Humans of New York is a blog that features people of New York and around New York. It began as a simple project but has grown to have over 8 million followers on social media. Maybe because people like to hear stories about real people. Real people have good stories.
In February Humans of New York featured several prison inmates and their stories. In these blog posts they have found to be true what I have found to be true in my life. Prison inmates are human. These are humans whom God created and who still have value. They are separated from society because they made decisions which harmed society when they had the freedom to make their own choices. Now their freedom in making choices is greatly limited. My two sons are these stories. Prisons are full of these stories. Full of men and women who have stories and want to tell those stories. Who want to be acknowledged as humans, not as their 7-digit prison ID. Men and women who still have value. Still have identity. Still are children of God.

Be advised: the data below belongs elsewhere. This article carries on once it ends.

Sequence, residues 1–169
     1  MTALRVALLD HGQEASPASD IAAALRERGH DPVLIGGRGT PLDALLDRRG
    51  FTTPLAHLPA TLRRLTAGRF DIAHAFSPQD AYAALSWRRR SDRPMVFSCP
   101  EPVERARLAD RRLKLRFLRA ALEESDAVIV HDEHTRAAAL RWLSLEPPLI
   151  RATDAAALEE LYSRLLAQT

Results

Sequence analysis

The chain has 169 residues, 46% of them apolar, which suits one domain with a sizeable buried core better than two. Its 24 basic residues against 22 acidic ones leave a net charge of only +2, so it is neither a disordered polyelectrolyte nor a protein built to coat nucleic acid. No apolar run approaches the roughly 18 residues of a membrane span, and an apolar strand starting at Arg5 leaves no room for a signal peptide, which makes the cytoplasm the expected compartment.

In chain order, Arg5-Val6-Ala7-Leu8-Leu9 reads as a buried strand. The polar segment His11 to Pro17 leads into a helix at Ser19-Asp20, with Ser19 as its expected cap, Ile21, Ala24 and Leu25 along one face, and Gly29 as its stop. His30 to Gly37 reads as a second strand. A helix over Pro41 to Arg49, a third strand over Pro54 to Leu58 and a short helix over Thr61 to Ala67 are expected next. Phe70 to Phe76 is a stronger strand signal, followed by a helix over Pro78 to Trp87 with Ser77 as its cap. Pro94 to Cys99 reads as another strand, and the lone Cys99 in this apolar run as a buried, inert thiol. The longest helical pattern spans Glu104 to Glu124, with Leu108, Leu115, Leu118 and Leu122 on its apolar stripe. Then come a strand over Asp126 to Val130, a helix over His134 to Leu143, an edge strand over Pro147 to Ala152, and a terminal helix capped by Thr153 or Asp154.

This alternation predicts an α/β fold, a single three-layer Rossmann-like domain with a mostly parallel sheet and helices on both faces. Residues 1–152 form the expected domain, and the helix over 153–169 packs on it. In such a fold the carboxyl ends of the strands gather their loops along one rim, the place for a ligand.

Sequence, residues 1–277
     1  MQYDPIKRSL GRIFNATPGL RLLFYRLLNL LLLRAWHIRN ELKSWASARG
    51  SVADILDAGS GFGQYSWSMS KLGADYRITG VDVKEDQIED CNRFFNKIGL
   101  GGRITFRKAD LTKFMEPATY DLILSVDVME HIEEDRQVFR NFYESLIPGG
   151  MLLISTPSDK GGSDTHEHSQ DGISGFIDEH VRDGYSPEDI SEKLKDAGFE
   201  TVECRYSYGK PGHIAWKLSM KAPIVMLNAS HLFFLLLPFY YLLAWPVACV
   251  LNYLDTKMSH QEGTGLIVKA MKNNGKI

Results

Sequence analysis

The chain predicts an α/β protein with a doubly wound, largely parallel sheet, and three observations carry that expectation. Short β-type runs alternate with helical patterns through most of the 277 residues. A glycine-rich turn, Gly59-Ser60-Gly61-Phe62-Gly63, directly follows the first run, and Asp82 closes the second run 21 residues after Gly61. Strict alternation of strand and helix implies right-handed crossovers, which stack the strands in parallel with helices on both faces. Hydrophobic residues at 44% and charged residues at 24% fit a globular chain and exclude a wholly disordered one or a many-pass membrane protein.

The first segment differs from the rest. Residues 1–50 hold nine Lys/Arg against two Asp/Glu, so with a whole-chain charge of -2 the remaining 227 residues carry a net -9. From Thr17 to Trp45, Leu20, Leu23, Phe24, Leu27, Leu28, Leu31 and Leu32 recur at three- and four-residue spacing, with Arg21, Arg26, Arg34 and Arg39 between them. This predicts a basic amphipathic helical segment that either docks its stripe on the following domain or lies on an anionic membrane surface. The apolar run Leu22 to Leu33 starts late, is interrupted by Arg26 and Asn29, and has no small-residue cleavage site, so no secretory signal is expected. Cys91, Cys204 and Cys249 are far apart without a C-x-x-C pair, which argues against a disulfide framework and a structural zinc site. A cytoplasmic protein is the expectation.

I don’t know what your presupposition or your experience is with prison ministry. Those two words contain a lot of connotations that do not equal with this truth. There are humans behind prison bars. People with stories. People who want to be acknowledged as people.
Read their stories. See their faces. Pray for them. Remember them.
“I’m sixty-two now. I have three more years. I sold heroin. A lot of it. I had forty people working for me. If you were to ask me thirty-four years ago what it was going to be like in prison, I couldn’t have imagined. It’s been the same thing every day. Everyone I care about is gone. My mother passed. My father passed. My brother and sister. If I look backwards, I’ll lose my mind. I just try to keep busy and take it one day at a time. I’ve done every self-help program in the system. I’m the lead facilitator for the Men of Influence program. We teach behavioral skills, financial management, and entrepreneurship. In the five years that I’ve been in charge, we’ve graduated 250 people, and only one has come back to prison. I tell them: ‘Don’t let me be your future.’ And if I could say one thing to everyone who reads this interview. I want to apologize for the harm that I caused. If I could go back in time and correct it, I would. But that’s what I’ve been trying to do for the past 34 years. I grew up in the Baltimore projects. Everyone that I knew had nothing. I was trying to improve my life with the information that I had at the time. I grabbed the wrong rope. I’m sorry if I caused generations behind me to go astray. It wasn’t my intention to bring pain to the community. And I really think that when I’m released, I can be an asset to society.”